Letters to The Times : President's Recovery

I sympathize with President Reagan and his family who are living and coping with his health problems. But I have long been weary with the systematic expenditure of energies by his aides in image-building. Their hospital-hype was obvious and ridiculous. But, as it is said, nothing is so bad but something good comes of it.

The front page told us, on the day before his release from the hospital, that the President, for the first time, had received no medication, and had "tackled an extended workload." In fact, White House spokesman Larry Speakes said, "The President is totally back to normal." The pattern was: "Visited by his doctors in the morning, spends nearly an hour with key aides and then relaxes in the afternoon. In the evening, he has watched Humphrey Bogart movies."

The good we get from this hype? At last we know, perhaps for the first time, how the President really spends a normal work day.


La Jolla

Once again the media lived up to their image and brought out the big artillery to show us the President leaving the hospital. Did you see him trotting down those stairs, radiant, dressed in jeans? He looked like a teen-ager coming back from a night on the town. Next thing you know, the media will let us catch a glimpse of the President in an aerobics class, trying the triple somersault. Get serious! Give the poor guy a break!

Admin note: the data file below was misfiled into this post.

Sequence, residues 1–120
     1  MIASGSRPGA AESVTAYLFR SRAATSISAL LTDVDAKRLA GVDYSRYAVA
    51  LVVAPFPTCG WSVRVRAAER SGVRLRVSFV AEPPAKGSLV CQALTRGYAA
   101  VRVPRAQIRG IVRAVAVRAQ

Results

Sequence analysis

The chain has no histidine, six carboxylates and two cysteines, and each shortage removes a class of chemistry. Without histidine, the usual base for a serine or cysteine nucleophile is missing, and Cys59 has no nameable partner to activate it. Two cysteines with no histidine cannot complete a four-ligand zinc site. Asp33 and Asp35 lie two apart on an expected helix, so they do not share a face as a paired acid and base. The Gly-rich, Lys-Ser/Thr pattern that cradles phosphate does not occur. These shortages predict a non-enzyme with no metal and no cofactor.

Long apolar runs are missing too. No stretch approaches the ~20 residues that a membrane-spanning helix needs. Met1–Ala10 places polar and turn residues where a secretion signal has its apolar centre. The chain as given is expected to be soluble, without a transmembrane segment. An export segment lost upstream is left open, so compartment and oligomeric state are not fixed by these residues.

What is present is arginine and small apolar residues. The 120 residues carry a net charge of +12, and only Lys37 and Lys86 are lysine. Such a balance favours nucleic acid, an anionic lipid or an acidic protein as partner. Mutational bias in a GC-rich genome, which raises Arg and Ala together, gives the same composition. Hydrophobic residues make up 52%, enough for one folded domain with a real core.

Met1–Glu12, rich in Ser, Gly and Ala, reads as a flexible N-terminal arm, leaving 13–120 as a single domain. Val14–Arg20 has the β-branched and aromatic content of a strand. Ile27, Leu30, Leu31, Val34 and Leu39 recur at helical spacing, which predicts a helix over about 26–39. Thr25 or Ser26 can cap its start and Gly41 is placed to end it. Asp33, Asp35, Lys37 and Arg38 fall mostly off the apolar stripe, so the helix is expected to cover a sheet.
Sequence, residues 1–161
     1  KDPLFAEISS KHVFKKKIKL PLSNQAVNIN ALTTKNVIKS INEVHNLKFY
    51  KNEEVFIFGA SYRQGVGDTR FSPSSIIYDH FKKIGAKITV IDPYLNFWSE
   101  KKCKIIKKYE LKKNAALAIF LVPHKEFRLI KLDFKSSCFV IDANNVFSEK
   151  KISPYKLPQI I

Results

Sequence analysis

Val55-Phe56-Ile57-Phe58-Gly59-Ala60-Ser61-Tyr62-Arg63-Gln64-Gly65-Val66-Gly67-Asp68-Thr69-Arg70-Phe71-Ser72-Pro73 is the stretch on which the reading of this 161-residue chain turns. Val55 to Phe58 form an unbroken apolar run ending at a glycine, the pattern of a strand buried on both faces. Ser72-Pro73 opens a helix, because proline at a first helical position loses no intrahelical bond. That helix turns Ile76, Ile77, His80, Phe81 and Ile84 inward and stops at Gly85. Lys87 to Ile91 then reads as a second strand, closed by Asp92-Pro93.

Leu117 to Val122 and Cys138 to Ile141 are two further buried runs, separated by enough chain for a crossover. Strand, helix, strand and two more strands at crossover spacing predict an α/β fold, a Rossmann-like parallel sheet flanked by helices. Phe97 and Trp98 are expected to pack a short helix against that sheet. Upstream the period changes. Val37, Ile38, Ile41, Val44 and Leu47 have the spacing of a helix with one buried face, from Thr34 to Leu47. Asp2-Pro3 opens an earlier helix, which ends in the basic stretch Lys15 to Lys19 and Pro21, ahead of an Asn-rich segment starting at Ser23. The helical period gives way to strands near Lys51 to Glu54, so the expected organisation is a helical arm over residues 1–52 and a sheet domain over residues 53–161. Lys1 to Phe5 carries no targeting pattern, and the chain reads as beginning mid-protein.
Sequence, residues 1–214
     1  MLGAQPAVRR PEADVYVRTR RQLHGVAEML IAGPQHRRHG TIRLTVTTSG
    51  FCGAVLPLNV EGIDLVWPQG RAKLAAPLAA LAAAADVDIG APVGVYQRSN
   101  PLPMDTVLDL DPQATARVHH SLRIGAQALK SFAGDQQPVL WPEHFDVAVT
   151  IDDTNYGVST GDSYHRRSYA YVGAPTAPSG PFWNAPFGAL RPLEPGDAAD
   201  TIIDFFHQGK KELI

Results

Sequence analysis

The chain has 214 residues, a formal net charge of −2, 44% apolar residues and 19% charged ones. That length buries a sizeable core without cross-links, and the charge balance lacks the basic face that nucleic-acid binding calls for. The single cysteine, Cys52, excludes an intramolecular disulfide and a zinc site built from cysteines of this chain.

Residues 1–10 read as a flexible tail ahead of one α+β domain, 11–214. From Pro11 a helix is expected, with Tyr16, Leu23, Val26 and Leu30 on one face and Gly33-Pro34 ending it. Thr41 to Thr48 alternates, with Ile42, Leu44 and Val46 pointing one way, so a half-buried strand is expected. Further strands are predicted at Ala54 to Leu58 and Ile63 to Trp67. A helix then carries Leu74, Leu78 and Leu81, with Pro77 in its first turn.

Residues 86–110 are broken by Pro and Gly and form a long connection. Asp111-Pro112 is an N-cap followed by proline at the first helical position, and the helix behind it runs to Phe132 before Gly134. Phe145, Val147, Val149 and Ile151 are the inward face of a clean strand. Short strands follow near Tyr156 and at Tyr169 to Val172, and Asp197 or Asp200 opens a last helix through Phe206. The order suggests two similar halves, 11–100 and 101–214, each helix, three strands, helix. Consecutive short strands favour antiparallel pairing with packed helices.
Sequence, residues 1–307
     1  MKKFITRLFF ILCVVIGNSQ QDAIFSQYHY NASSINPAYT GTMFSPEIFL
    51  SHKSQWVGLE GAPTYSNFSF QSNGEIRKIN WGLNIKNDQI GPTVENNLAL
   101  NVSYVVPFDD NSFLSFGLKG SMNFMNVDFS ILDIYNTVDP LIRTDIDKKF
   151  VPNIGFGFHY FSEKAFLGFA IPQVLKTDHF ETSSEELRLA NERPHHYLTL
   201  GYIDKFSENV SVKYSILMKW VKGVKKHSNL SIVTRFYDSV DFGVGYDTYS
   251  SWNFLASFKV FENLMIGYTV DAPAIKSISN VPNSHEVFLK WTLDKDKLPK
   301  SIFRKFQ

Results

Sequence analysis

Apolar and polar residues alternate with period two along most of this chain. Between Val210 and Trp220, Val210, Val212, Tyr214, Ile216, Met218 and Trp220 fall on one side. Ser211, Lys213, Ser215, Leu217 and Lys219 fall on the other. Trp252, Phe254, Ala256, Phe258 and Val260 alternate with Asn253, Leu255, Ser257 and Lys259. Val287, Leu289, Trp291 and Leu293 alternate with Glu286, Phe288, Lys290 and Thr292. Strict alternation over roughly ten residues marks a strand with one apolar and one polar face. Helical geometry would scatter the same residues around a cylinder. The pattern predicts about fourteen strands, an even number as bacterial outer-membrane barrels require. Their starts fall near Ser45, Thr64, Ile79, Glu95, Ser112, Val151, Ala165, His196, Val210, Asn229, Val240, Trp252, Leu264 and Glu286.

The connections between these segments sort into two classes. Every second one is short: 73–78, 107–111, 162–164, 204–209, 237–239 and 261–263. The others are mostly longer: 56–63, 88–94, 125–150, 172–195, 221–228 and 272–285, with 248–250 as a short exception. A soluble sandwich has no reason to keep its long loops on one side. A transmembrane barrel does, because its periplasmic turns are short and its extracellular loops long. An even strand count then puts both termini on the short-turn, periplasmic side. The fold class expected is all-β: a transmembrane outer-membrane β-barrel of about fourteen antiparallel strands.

Grow up! Just because the President was in the movies does not mean he's Mr. T or Superman.

Take your time to recover. It's OK to feel rotten, Mr. President!


Los Angeles

Ronald Reagan has maintained a bright, cheerful disposition and displayed an incredible amount of courage in beating back a challenge from one of the most formidable opponents he has ever faced--cancer.

Recently, I had the rare occasion to actually agree with one of your editorials. Considering the staunch, left-wing tendencies of The Times' editorial board, I was pleasantly surprised to read (July 16), "The President's Cancer," in which you commended Reagan for possessing an "inherent optimism toward life."

Unfortunately, too many cancer victims confront the disease only with pessimism and grief. They would do well to follow Reagan's example of meeting danger with such remarkable strength.



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